Influenza activity in the temperate zone of the northern hemisphere continued to be elevated. Many countries especially in East Asia and Europe appeared to have already peaked and were reporting decreasing trends. Worldwide, influenza A(H3N2) virus was predominant. The majority of influenza viruses characterized so far were similar antigenically to the reference viruses contained in vaccines for use in the 2016-2017 northern hemisphere influenza season. Nearly all tested viruses collected recently for antiviral sensitivity were susceptible to the neuraminidase inhibitor antiviral medications.
– In North America, influenza activity with A(H3N2) virus predominating increased in the United States of America and Mexico, whereas in Canada influenza activity continued to decrease.
– In Europe, influenza activity remained elevated with influenza A(H3N2) virus being the most prominent subtype. Most of the countries reported stable or decreasing trends compared with previous weeks. Persons aged over 65 years were most frequently associated with severe disease from influenza infection.
Travellers are advised to be vaccinated with current seasonal vaccines, before leaving Australia.
Current advice for travellers may be accessed at the Australian Department of Foreign Affairs and Trade. The use of neuraminidase inhibitors in travellers is discussed at the NPS site.
The process of virus selection and vaccine development is usually prolonged and may take 3-4 months. For many years, the only vaccine protecting against influenza has been an injectable vaccine containing three strains of killed virus particles.
The formulation of the influenza vaccine (brands available in Australia – Fluarix, Fluvax, Influvac, Vaxigrip and Vaxigrip Junior) is determined annually in anticipation of strains expected to be circulating in the coming year.
The ‘flu vaccine is extremely safe, except for those who experience anaphylaxis on contact with egg or chicken protein, a very rare event. (Approx;1:20,000) Soreness at the vaccination site may occur and, occasionally, mild fever or muscle pain may follow vaccination.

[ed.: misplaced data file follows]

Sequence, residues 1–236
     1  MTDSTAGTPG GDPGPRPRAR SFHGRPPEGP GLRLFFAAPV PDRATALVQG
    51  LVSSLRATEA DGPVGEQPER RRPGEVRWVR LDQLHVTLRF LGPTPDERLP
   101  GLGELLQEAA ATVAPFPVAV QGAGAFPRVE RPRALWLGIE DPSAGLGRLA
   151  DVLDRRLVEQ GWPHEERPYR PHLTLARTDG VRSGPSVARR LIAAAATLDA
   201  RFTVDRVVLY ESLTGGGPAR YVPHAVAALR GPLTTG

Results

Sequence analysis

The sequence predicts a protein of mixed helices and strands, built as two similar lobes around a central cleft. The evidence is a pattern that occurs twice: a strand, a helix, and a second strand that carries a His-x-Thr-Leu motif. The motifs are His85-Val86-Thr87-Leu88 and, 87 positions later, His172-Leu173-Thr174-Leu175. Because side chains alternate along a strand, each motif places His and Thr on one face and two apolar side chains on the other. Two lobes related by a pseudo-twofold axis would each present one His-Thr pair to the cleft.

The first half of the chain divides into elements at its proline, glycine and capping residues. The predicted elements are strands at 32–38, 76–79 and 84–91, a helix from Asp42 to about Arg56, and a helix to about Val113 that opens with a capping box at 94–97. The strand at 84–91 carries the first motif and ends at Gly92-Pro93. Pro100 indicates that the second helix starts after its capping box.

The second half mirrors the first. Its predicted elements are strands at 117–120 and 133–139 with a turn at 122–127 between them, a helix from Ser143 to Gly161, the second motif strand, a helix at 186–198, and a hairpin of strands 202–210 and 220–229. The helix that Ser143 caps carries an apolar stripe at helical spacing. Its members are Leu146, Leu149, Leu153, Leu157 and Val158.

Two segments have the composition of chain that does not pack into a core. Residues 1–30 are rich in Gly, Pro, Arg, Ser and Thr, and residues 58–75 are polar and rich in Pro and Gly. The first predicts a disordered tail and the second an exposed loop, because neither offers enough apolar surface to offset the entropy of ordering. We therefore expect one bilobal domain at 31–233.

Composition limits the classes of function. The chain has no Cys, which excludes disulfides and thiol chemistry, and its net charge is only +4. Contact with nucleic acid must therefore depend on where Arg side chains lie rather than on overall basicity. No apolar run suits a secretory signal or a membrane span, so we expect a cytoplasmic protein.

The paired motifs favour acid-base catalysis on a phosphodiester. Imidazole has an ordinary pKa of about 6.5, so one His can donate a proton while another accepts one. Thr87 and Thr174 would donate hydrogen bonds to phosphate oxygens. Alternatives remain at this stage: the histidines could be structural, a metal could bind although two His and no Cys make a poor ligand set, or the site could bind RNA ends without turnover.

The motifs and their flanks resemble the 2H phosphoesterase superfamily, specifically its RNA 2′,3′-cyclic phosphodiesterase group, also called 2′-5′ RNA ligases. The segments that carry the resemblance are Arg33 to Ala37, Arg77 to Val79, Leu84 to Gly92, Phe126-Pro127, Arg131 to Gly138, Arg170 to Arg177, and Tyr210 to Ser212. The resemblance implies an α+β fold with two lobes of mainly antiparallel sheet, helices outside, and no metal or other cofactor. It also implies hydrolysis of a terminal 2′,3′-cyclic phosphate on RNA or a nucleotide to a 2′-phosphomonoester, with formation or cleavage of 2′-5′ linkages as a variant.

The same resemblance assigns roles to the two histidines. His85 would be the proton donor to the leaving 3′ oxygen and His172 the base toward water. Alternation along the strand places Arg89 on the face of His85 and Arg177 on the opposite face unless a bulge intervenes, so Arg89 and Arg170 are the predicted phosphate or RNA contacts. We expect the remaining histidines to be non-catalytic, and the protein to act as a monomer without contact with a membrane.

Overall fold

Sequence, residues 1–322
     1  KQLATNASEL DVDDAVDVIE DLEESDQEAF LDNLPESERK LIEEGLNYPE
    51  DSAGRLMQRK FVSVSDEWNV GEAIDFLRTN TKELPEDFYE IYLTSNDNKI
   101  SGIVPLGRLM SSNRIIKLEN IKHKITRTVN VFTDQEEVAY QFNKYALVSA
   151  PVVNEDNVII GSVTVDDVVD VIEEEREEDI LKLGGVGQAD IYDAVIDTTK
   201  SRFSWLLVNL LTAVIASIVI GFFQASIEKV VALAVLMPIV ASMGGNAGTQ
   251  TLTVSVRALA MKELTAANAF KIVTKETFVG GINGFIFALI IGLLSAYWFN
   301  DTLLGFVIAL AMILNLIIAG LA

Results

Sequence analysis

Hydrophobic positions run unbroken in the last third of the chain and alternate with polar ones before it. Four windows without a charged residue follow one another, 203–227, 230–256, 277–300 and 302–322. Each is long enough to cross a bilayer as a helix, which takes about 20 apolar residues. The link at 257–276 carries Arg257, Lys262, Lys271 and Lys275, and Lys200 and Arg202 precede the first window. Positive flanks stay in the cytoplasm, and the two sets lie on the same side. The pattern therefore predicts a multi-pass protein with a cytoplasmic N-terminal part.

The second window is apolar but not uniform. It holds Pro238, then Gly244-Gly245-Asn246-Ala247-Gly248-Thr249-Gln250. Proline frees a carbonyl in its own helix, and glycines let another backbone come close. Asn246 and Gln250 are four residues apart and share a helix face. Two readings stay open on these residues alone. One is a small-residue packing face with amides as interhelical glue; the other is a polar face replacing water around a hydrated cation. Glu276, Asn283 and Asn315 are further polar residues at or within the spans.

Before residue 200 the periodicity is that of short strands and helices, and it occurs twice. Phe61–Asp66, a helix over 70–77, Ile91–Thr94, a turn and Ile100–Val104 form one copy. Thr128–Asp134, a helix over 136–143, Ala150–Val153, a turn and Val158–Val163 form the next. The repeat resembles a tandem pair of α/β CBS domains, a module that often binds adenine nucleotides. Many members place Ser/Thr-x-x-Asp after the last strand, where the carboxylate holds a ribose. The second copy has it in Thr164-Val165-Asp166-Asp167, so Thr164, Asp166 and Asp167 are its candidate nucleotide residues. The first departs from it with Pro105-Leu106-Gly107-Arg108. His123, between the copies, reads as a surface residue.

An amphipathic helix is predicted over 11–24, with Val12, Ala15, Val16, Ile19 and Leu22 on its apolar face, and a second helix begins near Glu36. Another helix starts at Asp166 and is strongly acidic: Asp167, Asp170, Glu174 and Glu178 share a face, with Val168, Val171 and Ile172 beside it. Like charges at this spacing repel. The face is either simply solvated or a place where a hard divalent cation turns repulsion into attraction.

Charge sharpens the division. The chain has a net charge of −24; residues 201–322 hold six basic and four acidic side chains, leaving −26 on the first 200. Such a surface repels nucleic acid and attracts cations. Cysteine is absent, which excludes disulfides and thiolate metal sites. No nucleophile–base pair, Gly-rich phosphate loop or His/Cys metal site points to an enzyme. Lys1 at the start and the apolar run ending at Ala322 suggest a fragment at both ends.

A generalised macular rash, occurring about two hours after vaccination, occurs at a rate of about 1 in 1000.
About 2 cases in every million vaccinated may develop the neurological condition called Guillain-Barré Syndrome (GBS), although a causal relationship with influenza has not been established. The oculorespiratory syndrome has been reported in Canada.
All persons over 65 years of age and others with debilitating illnesses should have annual vaccinations.
Adults 18-64 years
Influenza-related fatalities in at-risk groups (lung disease, heart disease, diabetes, etc.) are 40 times that of those without these diseases, yet 55% of at-risk Australians do not get vaccinated annually.
Vaccination is recommended for children with cardiac or pulmonary disease or those with metabolic disorders such as cystic fibrosis or diabetes. However, the vast majority of children admitted to hospital with influenza do not fall into these categories and a strong argument exists for the provision of annual influenza vaccines to all children.
The Australian Immunisation Handbook, WHO and CDC each support the use of the flu vaccine during pregnancy.
Two antiviral drugs (oseltamivir [Tamiflu] and zanamivir [Relenza]) are not a substitute for vaccination, but are approved and commercially available for use in preventing and treating flu. They belong to a group of drugs known as antivirals.
Amantadine and rimantadine should not be used to treat flu, because of CDC reports of increasing resistance to these drugs. Similarly, increasing resistance to other drugs is also being reported.
Recent reports from Europe, Japan and Vietnam provide preliminary evidence for the emergence of resistance to oseltamivir. Incomplete courses of this drug are thought to contribute to this problem and doctors are being asked to think twice before prescribing on request.
Resistance to zanamivir (Relenza)
Although no strains have been detected in humans, researchers in Melbourne have detected mutations in laboratory samples which make the virus very resistant to zanamivir. This may be the first sign of resistance to Relenza.
Because of increasing resistance to existing antivirals, doctors are asked not to prescribe antivirals for the seasonal flu.
Shelf-life on antivirals
Tamiflu packages state that the drug should be used within 5 years of manufacture. Health authorities in Europe, the United States, Canada, Hong Kong and Australia have approved extending that to 7 years for use against the pandemic strain of swine flu. The extension does not apply to Tamiflu’s use against seasonal flu.
Personal protective measures
Regular hand-washing and the use of alcohol wipes (strongly supported)
Social distancing (>1 m) from affected individuals.